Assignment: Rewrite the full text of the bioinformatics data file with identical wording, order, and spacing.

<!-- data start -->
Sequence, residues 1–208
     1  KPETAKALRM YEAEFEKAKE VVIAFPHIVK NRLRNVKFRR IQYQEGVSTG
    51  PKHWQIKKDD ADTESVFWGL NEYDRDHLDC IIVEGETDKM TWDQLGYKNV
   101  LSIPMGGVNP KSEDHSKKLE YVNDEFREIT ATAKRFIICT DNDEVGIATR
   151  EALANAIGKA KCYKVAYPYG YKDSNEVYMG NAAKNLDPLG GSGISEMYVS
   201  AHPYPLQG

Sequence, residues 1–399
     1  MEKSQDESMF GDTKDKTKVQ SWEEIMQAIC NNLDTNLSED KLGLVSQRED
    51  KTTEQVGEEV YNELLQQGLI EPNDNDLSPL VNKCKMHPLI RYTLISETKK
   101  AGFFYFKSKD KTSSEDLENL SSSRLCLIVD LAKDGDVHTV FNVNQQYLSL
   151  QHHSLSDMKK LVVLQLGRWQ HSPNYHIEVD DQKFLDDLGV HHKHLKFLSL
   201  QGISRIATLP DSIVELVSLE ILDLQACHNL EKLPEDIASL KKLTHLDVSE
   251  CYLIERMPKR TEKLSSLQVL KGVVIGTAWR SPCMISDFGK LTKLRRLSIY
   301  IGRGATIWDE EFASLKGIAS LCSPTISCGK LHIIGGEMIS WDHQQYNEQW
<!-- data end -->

Sequence, residues 1–208
     1  KPETAKALRM YEAEFEKAKE VVIAFPHIVK NRLRNVKFRR IQYQEGVSTG
    51  PKHWQIKKDD ADTESVFWGL NEYDRDHLDC IIVEGETDKM TWDQLGYKNV
   101  LSIPMGGVNP KSEDHSKKLE YVNDEFREIT ATAKRFIICT DNDEVGIATR
   151  EALANAIGKA KCYKVAYPYG YKDSNEVYMG NAAKNLDPLG GSGISEMYVS
   201  AHPYPLQG

Sequence, residues 1–399
     1  MEKSQDESMF GDTKDKTKVQ SWEEIMQAIC NNLDTNLSED KLGLVSQRED
    51  KTTEQVGEEV YNELLQQGLI EPNDNDLSPL VNKCKMHPLI RYTLISETKK
   101  AGFFYFKSKD KTSSEDLENL SSSRLCLIVD LAKDGDVHTV FNVNQQYLSL
   151  QHHSLSDMKK LVVLQLGRWQ HSPNYHIEVD DQKFLDDLGV HHKHLKFLSL
   201  QGISRIATLP DSIVELVSLE ILDLQACHNL EKLPEDIASL KKLTHLDVSE
   251  CYLIERMPKR TEKLSSLQVL KGVVIGTAWR SPCMISDFGK LTKLRRLSIY
   301  IGRGATIWDE EFASLKGIAS LCSPTISCGK LHIIGGEMIS WDHQQYNEQW